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'It is disgusting' - Widow of murdered policeman condemns killers' jail terms

Kate Carroll said that justice had not been done for her husband Stephen Carroll, who was shot dead in Armagh over three years ago.

Kate Carroll in March of this year.
Kate Carroll in March of this year.
Image: Paul Faith/PA Wire/Press Association Images

THE WIDOW OF the first Police Service of Northern Ireland (PSNI) officer to be killed since the Good Friday agreement has condemned the length of the prison sentences handed down to his killers today.

Kate Carroll said that the minimum prison terms for the two men from the Continuity IRA who killed her husband Stephen Carroll in March 2009 were too short to deter more attacks by other IRA factions.

Lord Justice Paul Girvan imposed minimum prison terms on Brendan McConville, who must spend a further 22 years in prison, and John Wootton 11 years, before either could apply for parole.

Both have been behind bars since 2009. Carroll, 48, was the first officer to be killed in Northern Ireland since 1998, the year that the Good Friday Agreement was brokered and saw the Royal Ulster Constabulary (RUC) replaced by the PSNI.

McConville, 41, and Wootton, 21, originally received life sentences when they were convicted in February at Belfast Crown Court, but the Northern Ireland legal system allows judges to specify minimum terms before parole bids can be considered. They usually are approved.

“Justice has been done? Not for us, it has not,” Ms Carroll said as she called on judges in the North to impose the same level of punishment as elsewhere in the UK. “You cannot make exceptions in one country. It is disgusting.”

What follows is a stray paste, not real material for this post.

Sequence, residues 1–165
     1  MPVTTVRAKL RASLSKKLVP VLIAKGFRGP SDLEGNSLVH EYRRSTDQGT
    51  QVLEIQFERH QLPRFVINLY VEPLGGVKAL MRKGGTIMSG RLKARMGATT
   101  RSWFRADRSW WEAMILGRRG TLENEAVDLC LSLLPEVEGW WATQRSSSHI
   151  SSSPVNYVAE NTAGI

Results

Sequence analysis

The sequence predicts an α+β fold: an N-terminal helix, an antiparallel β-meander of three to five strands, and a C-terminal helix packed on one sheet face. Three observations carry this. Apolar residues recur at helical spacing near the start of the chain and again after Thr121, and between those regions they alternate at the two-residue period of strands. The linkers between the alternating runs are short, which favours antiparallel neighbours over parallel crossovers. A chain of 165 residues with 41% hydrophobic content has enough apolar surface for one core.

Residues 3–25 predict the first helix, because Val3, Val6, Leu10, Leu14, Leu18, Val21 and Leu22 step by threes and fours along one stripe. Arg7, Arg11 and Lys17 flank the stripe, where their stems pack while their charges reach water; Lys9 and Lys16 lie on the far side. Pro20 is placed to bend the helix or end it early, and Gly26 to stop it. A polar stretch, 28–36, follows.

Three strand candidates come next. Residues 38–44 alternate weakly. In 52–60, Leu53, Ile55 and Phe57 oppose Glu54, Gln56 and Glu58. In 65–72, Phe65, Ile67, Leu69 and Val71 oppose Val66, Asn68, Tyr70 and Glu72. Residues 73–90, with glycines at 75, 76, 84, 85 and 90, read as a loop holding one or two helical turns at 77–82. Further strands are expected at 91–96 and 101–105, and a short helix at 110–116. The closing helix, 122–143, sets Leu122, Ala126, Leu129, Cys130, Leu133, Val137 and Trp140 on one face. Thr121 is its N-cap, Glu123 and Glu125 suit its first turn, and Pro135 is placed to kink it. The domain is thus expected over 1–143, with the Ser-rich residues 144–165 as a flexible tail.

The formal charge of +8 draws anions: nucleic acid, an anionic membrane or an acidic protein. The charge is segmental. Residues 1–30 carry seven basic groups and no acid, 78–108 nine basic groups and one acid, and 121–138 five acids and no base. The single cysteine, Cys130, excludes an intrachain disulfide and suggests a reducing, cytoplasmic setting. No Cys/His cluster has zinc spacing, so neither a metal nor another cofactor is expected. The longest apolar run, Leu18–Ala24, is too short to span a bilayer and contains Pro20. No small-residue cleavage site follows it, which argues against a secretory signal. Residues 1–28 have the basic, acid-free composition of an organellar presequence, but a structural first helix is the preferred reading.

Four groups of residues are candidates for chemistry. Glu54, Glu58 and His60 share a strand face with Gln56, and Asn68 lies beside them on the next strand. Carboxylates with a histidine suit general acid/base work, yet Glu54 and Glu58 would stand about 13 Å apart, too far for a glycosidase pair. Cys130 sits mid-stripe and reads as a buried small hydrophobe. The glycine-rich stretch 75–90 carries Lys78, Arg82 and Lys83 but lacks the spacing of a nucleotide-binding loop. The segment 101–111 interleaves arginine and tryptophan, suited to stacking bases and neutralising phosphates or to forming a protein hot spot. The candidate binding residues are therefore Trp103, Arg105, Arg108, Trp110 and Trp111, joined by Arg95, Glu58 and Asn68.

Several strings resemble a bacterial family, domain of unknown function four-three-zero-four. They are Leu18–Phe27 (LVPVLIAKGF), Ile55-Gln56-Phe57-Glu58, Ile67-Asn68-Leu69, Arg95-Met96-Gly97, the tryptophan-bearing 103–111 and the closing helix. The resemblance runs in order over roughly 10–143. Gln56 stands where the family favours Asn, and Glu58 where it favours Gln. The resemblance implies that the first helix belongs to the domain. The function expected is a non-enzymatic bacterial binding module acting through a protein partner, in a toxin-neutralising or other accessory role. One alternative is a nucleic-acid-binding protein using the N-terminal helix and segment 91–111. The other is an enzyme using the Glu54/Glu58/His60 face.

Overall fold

She called the prospect that Wootton might be free by 2023, when he’s 32, as far too weak a punishment to deter republicans from attacking police. McConville, a former politician in Sinn Féin, could be free in 2034 at age 63.

Carroll said Wootton’s lesser punishment “gives the message out that it is fine to kill a policeman here because you get a rap on the knuckles.”

The court found that the two men lured police into the ambush by vandalising a family’s house in Craigavon in Co Armagh and triggering an emergency call for help.

Carroll provided armed back-up to the responding officers and was sitting alone in his unmarked patrol car, when he was shot once through the back of the head.

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The judge said McConville and Wootten, who declined to answer questions in police custody or during their trial, had demonstrated “no remorse for what they did.”

The Police Service of Northern Ireland said in a statement: “Police will take time to study the sentencing comments and the custodial terms imposed.”

- with reporting from AP

Read: Two found guilty of killing Northern Ireland policeman

About the author:

Hugh O'Connell

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